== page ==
The spirit of routine, so engrained in the human mind, has also much to account for in preventing the development of music as represented in the opera. It is far from my desire to say anything in disparagement of a form of art such as the "opéra comique," a genre that has been illustrated with so conspicuous a degree of success by composers such as Grétry, Monsigny, Dalayrac, Nicolo, Boiëldieu, Hérold, and Auber. At the same time, it must be admitted that the ideal aimed at by modern French musicians is altogether a higher one. The "lyrical drama" has usurped the place of the old "opéra comique," and those composers whose inability or disinclination have kept them from following the prevalent movement, have perforce drifted into that mongrel species of art known as the "opérette." From an æsthetic point of view the change is emphatically for the better, as the "opéra comique," corresponding to the German "Singspiel," and to our "ballad opera," and consisting of an amalgam of speech and song, being neither fish, flesh, nor fowl, is utterly inconsistent with logic.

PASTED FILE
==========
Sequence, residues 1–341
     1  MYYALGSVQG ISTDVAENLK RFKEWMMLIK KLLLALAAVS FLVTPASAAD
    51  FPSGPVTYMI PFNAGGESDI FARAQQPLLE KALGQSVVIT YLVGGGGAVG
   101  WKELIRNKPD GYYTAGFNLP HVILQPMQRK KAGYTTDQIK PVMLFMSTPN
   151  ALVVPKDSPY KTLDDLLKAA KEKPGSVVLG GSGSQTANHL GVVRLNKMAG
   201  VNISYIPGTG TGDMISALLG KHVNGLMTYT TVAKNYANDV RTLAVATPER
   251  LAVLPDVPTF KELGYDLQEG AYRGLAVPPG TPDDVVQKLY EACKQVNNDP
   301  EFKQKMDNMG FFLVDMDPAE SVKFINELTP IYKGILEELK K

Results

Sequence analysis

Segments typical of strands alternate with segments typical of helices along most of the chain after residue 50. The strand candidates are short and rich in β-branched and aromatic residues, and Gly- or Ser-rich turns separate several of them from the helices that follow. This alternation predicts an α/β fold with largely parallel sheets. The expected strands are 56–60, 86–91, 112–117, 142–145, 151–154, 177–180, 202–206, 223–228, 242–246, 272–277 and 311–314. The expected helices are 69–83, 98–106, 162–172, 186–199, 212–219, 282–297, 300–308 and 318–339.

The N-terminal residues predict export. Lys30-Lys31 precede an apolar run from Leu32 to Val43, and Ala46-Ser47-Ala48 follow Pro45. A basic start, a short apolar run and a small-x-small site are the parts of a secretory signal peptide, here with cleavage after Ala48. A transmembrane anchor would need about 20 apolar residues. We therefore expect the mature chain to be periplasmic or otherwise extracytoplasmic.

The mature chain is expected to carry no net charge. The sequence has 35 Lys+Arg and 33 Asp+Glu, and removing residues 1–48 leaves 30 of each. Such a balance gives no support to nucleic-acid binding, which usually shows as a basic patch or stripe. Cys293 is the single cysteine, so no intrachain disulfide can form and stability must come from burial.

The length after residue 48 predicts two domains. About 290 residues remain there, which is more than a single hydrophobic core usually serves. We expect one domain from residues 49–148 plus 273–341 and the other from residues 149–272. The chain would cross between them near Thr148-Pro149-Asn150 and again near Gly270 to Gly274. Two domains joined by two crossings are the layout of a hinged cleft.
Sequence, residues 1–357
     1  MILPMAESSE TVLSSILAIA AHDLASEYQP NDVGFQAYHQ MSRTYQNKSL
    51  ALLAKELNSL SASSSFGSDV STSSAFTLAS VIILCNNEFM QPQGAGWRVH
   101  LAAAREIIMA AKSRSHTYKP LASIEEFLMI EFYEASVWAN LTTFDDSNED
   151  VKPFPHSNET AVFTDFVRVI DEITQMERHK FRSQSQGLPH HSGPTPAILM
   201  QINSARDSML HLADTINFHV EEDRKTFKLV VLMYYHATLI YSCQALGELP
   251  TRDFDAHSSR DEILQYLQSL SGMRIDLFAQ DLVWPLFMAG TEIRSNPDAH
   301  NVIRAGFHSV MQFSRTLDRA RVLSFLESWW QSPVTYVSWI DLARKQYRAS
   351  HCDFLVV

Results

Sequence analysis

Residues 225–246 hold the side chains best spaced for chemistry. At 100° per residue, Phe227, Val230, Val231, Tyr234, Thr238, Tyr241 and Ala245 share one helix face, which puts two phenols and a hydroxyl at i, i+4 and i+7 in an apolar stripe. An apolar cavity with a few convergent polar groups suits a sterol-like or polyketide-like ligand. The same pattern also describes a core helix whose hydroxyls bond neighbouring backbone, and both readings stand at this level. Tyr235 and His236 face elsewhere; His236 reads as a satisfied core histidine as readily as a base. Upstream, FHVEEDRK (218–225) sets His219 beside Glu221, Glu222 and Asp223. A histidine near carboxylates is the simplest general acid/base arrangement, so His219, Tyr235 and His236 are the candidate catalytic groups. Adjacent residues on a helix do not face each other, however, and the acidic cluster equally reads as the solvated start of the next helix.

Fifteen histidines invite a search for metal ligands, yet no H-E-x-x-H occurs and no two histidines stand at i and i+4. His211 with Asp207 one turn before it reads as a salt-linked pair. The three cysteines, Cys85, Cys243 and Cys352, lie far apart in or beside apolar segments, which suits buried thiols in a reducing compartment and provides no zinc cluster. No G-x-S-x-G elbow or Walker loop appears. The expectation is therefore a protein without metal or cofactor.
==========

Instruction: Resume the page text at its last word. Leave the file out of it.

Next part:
That there is still, however, a place for works coming under the denomination of a modernised form of "opéra comique," as distinct from the "opérette," without pretensions of too lofty an order, is evidenced by the delightful works of the late Léo Delibes, "Le Roi l'a dit," "Jean de Nivelle," and "Lakmé"; and more recently by Mons. Chabrier's "Le Roi Malgré Lui" and Mons. Messager's "La Basoche."

In the year 1832, when Ambroise Thomas had completed his twenty-first birthday, the Rossini fever was at its height. Beethoven was comparatively little known in France, and those amongst his symphonies that had been brought to a hearing had excited more wonder than admiration.